In one embodiment FDs 130-139 receive route information useable to manage their TEDs from a centralized service, such as might be managed by CTE server 110, or the like. In another embodiment, FDs 130-139 may also generate and maintain default route information that may be employed instead of route information obtained through CTE server 110. Selection of which route information FDs 130-139 employ are described in more detail below. In one embodiment, route information from CTE server 110 may be stored in a different TED, routing table, or the like, from that default route information.

Briefly, the default route information may be generated by each FD substantially similar to how it might be generated in a distributed systems model described above. That is, each FD may select from any of a variety of routing algorithms to generate and manage its own separate default routing tables, using its own routing policies.

FDs 130-139 may also be referenced according to where in a sequence of FDs a given FD may operate. Thus, in one embodiment, an FD may receive a packet from a host device, where the packet is to be routed towards a destination host device. The first receiving FD may sometimes be referred to as a source FD, since it is the FD that first receives the packet from a source host device. The packet may then be forwarded to one or more FDs that may be referred to herein as intermediate FDs. A last FD that then forwards the packet to a destination host device is referred to herein as a destination FD. In any event, FDs may employ a process such as described below in conjunction with FIG. 8 to forward packets.

Controllers 120-122 represent any of a variety of network computing devices that are configured to manage FDs 130-139 within a given network (101-103). In one embodiment, controllers 120-122 might receive information about, a state, network traffic load, or the like, from FDs 130-139 and provide the information for use by CTE server 110. Similarly, controllers 120-122 may receive changes to a routing policy and other route information, in the form of operational commands that are to be distributed outward to various FDs 130-139. Thus, in at least one embodiment, controllers 120-122 may be directed towards providing a simplistic interface for communicating routing information between components within one or more of networks 101-103. Thus, controllers 120-122 propagate network state changes between gateway devices 112 and FDs 130-139. Typically, controllers 120-122 may not have a global view, however, of a network or across networks, but, instead operate in conjunction with CTE server 110.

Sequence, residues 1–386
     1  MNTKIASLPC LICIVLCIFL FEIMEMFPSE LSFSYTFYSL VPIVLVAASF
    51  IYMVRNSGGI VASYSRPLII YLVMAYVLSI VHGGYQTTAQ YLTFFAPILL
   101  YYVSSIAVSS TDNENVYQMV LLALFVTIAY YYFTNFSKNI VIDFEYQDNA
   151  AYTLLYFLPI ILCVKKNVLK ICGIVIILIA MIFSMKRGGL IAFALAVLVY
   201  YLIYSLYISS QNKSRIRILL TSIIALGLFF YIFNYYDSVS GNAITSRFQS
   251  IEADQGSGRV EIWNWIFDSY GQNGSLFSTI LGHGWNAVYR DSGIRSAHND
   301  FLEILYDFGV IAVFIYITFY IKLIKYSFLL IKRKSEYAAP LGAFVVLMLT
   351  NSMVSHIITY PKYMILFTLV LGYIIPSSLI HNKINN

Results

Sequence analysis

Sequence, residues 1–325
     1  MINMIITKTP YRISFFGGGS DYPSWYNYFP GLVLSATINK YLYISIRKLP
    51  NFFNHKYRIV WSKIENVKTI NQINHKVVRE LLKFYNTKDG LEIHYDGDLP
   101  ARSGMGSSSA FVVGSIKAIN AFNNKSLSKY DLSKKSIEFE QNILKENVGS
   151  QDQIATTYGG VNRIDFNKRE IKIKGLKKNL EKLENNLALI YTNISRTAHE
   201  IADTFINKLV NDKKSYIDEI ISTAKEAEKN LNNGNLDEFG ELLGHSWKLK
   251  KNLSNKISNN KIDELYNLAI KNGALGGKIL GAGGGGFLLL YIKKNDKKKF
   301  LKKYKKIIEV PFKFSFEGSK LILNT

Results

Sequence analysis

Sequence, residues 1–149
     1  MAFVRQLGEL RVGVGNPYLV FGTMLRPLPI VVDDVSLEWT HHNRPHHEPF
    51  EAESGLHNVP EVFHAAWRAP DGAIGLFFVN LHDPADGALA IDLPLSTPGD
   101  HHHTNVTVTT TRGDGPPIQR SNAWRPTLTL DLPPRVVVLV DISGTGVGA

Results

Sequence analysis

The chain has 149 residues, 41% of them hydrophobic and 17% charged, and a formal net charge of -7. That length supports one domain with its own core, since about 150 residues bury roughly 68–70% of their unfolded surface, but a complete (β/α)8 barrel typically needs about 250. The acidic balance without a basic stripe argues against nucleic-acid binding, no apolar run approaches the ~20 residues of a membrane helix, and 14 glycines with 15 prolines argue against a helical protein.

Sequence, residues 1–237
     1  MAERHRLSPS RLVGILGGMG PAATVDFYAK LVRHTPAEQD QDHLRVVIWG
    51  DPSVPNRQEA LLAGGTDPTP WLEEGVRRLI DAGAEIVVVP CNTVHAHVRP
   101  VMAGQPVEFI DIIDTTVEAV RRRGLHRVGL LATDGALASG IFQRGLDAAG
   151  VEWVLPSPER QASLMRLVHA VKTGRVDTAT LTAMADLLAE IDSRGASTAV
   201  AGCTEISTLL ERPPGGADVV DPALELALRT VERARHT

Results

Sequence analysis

Gateway devices 112 represent any of a variety of computing devices that are configured to export network state information, such as topology, route information, including operational commands, network traffic information, and so forth between a network's controller, and CTE server 110. In some embodiments, gateway devices 112 may also enable packets to be moved between networks 101-103. For example, host device 150 might select to send packets to a host device such as host device 152 or 153. As such, gateway devices 112 may receive packets from a forwarding device within network 101 and, operating as a forwarding device, determine a forwarding device to route the received packets towards. However, in other embodiments, forwarding devices within one network may also be configured to forward packets to forwarding devices within another network without using gateway devices 112 as an intermediate forwarding device.